The idea of the photographic ''detail'' of a painting might almost have been invented for the greater glory of those notable masters of the Venetian scene, Canaletto and Guardi. Their depictions of this city in the eighteenth-century were designed to augment memory by an exhaustive and meticulous accuracy of record.
British travellers in particular treasured Canaletto and took home his pictures of the magical city they had visited - pictures that seem to have been built up inch by inch and stone by stone to acquire the very face and feel of Venice and not just its remembered atmosphere. Making up the adequate composition of most of Canaletto's pictures is an extraordinary multiplicity of detail, and the viewer is invited to explore every busy aspect of the view just as if he were a tourist alert to countless visible items in the city's life which its inhabitants (themselves elements of the ''sight'') would hardly notice. Canaletto's paintings can be enjoyed in their components. They stand up admirably to such microscopic delight. They are sightseeing turned into art. They are the most painstaking and precise of holiday mementoes, the originals of a notion that later degenerated into the common post card.
A debated question is whether or not Francesco Guardi, Canaletto's junior by fifteen years, was a student of the older painter. He certainly owed, to Canaletto, a number of viewpoints of the city, though equally it might be argued that for any artist to paint the square of St. Mark's his position must be dictated quite firmly by the scene itself.
It is both to Guardi's advantage and disadvantage that he is inevitably discussed in comparison to Canaletto: it points up his borrowings, but it also shows what is new and personal in his painting. In a recent exhibition contrasting a Canaletto painting and this particular Guardi, both belonging to the National Gallery in London, Michael Helston writes of the Guardi: ''. . . (it) was painted with more of Canaletto's vision than his own. It is a tribute to both artists, who dominated an entire century of view painting in Venice, that their styles should have met in this way.''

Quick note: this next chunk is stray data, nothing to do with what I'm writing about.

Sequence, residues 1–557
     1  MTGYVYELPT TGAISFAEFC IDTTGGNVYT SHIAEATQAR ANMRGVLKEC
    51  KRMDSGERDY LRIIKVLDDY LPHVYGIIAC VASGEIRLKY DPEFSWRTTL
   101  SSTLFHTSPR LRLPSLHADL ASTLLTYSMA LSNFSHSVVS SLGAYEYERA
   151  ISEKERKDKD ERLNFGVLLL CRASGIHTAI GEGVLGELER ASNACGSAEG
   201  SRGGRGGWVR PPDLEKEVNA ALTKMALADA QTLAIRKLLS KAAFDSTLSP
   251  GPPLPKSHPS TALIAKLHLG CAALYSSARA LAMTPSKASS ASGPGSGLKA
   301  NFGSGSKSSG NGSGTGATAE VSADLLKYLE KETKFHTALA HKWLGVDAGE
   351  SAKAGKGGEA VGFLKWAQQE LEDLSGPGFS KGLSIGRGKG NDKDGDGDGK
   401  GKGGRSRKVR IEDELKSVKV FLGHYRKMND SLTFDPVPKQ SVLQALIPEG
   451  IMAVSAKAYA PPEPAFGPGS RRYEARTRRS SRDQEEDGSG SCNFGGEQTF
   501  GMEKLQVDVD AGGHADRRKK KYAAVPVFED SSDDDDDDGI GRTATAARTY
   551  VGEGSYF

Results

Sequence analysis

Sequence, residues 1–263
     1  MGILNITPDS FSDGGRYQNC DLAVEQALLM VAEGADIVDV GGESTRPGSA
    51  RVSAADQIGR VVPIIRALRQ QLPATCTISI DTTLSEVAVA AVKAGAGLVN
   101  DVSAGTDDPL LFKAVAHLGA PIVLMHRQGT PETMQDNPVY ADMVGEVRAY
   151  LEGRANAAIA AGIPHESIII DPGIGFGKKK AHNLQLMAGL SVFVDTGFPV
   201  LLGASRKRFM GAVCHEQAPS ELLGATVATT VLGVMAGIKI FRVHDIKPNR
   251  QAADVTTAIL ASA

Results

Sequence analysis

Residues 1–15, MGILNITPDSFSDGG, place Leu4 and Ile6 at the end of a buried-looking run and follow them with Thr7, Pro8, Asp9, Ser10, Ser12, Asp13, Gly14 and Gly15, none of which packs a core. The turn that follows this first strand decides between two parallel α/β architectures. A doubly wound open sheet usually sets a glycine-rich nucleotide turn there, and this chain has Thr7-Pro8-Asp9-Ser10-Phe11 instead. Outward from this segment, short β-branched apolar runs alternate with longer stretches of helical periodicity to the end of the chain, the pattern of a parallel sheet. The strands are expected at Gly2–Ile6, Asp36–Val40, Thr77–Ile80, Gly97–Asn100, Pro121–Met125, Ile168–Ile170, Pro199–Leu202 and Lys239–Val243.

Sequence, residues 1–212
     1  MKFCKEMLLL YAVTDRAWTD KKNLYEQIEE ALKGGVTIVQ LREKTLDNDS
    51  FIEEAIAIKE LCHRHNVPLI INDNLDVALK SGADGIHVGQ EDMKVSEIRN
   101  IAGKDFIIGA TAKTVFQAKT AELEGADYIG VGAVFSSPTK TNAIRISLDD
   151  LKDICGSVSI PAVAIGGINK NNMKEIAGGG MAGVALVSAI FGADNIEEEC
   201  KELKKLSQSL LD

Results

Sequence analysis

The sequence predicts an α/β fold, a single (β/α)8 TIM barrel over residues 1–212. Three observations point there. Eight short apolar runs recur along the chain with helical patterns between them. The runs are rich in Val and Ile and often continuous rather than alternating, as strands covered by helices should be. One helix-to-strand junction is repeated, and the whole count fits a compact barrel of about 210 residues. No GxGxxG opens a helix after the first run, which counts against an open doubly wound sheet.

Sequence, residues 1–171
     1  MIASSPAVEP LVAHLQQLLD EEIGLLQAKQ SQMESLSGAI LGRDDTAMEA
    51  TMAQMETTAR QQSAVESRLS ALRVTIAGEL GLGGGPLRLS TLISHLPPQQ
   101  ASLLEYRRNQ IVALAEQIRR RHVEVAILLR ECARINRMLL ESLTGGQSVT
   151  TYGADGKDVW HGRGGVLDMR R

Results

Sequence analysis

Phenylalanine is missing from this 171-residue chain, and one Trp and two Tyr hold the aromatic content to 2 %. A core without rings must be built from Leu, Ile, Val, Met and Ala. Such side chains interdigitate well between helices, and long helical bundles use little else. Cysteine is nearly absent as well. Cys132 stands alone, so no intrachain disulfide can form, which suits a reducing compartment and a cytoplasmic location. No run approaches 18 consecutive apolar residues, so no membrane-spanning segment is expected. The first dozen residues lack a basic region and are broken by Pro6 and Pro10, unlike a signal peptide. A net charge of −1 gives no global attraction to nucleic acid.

While this is broadly factual, if one compares this painting with the actual Canaletto picture of St. Mark's Square on which Guardi based his composition, the differences of approach are tellingly apparent. These differences--as borne out by Guardi's later development--are more than a shift of emphasis; they are a shift of attitude. Guardi had already been a painter of religious pictures, and he turned to view-painting surprisingly late in his career. He brought with him a painterliness, a way of depicting the world, which is much less prosaic and literal than Canaletto's. In his ''Piazza San Marco,'' details such as the one shown here indicate how he used his brush to approximate rather than neatly delineate both buildings and people.
The people in the square, although cunningly characterized by stance and costume, are presented with a shimmering vitality (a mix of nervousness and boldness) which suggests rather than describes them. As he demonstrated in a later work, which shows a crowd of people rushing excitedly away from the viewer to watch the ascent of a balloon, Guardi, much more than Canaletto, saw the figures in his pictures as existing in groups, or even en masse, rather than as separate individuals some of whom just happen to be linked with each other. Not unconnected with this more general, organic approach to the world (which he sees as a whole of unified parts) is the absence of activity in the middle distance of his view of St. Mark's piazza. In Canaletto, the figures are dotted liberally throughout the space described. In the Guardi, there is a leap from close up to distant which is quite new. It is as if Guardi were himself part of the scene, standing on the same stones as the other Venetians quietly moving about in front of him. Canaletto seems to look at, rather than stand in, the scenes he pictures. He perhaps never really forgot his beginnings as a painter of theatrical scenery. Psychologically, there is a proscenium arch between him and his views; whereas Guardi, his successor in the art of Venetian view-painting, places himself (and by extension us, the ''viewers'') actually on stage.